A surprising early drama frontrunner at NBC — the comic book-driven The Sixth Gun, which has an unconventional premise (supernatural Western, mythical guns) and had difficulty casting some of the lead roles. But it has top showrunner Carlton Cuse and a rumored $10+ million budget. NBC also seems to be going back to the well, betting on the producer who delivered its only new scripted hit this season, Revolution‘s J.J. Abrams, with his new NBC pilot, the high-concept Believe, drawing early attention. Also solid early on is the James Spader-Megan Boone starrer The Blacklist. NBC brass also appear committed to legal drama I Am Victor starring John Stamos, which experienced a behind-the-scenes clash over differences between the network and executive producers Katie Jacobs and Daniel Rappaport, who may be exiting. Also in the running is the Rand Ravich action thriller. And let’s not forget the planted Chicago Fire spinoff.

NBC already has one new comedy series set for next season, the untitled Michael J. Fox vehicle, which has a 22-episode order. Another half-hour fronted by a well known sitcom star, the untitled Sean Hayes pilot, is getting strong early buzz, along with the Krysten Ritter-starring Assistance. Abrams and Hayes may get more good news soon as there is speculation that Revolution and the Hayes-produced Grimm, along with The Voice, may get early renewals next week. Also said to have support at the network are school parent comedy The Gates, the multi-cultural Welcome To The Family, the Bill Lawrence-produced Undateable and About A Boy. It’s too early for the Lorne Michaels-produced John Mulaney pilot, which just finished casting. With The Office gone, NBC is expected to add a new show to Greg Daniels’ plate. He has two pilots: The untitled Robert Padnick project which was very strong at the script stage but hit some bumps in the casting process, and the Craig Robinson project, one of which will likely get on the schedule.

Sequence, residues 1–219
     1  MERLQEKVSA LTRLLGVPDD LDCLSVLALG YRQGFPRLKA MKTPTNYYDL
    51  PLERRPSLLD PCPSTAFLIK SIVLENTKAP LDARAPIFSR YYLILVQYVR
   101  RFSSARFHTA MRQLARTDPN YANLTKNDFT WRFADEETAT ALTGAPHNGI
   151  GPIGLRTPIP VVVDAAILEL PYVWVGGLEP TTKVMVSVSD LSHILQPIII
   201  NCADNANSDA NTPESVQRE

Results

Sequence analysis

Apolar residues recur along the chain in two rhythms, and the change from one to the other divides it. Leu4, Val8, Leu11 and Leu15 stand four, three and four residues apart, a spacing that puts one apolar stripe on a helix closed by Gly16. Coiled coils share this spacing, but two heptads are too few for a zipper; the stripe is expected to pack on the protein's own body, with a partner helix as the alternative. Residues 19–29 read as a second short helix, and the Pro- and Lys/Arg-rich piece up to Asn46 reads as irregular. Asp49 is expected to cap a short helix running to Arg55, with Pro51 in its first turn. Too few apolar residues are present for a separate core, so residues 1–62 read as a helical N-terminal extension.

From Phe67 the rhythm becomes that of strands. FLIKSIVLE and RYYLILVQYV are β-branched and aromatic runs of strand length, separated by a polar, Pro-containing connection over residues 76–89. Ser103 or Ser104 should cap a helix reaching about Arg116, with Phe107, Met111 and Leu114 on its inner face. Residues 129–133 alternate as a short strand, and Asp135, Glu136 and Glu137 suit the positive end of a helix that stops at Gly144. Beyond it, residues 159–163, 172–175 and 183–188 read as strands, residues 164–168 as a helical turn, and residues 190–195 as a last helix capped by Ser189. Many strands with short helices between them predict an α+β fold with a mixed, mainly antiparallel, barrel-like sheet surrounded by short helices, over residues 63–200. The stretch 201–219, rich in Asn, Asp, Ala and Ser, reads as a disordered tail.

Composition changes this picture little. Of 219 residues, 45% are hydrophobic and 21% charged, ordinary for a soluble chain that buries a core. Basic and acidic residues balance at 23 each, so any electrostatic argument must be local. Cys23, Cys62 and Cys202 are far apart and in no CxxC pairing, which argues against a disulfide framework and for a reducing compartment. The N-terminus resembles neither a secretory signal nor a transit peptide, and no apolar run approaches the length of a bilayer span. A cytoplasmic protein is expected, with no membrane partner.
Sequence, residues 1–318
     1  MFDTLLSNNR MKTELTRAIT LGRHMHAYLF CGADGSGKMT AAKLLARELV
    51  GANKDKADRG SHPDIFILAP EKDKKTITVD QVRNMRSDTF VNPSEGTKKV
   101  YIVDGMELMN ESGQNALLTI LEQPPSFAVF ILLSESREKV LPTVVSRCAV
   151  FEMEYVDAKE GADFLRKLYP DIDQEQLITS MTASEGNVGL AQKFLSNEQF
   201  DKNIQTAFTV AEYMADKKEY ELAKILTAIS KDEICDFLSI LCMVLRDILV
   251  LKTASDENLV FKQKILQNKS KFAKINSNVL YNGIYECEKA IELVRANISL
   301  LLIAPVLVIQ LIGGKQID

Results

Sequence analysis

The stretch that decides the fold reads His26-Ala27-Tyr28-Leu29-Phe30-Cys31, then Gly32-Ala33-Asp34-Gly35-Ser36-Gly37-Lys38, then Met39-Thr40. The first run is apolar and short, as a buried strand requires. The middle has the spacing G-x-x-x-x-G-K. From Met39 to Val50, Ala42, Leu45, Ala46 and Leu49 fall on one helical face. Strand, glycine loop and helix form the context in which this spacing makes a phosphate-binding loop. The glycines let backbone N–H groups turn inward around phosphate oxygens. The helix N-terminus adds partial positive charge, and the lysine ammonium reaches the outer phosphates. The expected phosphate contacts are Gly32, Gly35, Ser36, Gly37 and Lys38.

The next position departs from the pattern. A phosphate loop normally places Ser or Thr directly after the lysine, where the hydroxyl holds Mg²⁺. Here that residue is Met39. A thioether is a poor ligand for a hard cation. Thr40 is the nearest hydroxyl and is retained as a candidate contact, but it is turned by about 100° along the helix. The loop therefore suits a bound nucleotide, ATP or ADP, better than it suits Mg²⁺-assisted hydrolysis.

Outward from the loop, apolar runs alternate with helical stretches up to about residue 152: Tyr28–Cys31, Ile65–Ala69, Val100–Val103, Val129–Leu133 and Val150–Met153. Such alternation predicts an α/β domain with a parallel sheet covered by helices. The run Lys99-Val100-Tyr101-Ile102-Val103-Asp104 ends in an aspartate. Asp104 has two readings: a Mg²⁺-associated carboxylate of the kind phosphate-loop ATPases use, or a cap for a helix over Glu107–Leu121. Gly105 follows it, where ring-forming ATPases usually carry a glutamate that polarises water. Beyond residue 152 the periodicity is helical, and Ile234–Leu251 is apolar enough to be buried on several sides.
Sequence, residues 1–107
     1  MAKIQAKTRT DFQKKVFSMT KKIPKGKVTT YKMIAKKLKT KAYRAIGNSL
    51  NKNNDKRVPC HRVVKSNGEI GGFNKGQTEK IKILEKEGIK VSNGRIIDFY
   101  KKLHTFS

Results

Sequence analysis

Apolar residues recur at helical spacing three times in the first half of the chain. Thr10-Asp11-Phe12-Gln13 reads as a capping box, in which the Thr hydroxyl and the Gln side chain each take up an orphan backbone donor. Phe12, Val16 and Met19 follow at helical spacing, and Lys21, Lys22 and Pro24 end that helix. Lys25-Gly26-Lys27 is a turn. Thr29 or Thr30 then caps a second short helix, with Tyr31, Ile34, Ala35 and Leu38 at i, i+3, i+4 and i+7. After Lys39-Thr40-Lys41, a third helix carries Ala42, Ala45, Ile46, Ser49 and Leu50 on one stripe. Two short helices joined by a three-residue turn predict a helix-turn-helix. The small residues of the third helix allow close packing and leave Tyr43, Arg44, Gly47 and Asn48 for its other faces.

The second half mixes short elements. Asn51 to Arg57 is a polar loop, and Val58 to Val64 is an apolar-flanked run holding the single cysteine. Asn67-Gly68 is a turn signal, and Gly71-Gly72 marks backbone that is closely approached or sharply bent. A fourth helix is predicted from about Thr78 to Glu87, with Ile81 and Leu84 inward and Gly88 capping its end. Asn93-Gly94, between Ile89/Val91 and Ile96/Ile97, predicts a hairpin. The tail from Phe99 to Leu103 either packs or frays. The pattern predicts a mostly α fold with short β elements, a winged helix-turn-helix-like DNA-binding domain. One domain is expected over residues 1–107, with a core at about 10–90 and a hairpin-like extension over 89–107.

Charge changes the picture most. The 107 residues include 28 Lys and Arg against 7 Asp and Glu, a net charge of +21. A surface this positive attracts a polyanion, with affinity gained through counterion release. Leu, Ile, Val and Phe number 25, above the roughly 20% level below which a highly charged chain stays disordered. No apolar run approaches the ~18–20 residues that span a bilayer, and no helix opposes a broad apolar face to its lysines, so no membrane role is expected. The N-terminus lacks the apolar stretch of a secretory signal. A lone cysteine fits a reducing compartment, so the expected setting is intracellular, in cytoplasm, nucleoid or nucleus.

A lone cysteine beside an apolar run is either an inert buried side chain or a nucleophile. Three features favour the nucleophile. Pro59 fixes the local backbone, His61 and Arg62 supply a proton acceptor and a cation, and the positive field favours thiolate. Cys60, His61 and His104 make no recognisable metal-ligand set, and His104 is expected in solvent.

CW brass seem very pleased with the Vampire Diaries planted spinoff The Originals, which is now shooting, so it appears a lock for next season’s schedule. The Originals also is a marketing dream as its three stars are established Vampire Diaries cast members who have built-in followings. Of the network’s traditional pilots, the futuristic The 100 is very hot. Also getting early buzz is the Close Encounters Of The Third Kind-esque love story Oxygen. The new Selection pilot is not a lock yet but is considered a significant improvement over last year’s pilot. The Mary Queen of Scots period piece Reign is getting points for its visuals (both The Selection and Reign are filmed in Europe — in Hungary and Ireland, respectively), while Tomorrow People has top CW producers Greg Berlanti (Arrow) and Julie Plec (Vampire Diaries, The Origins) behind it.

TV Editor Nellie Andreeva - tip her here.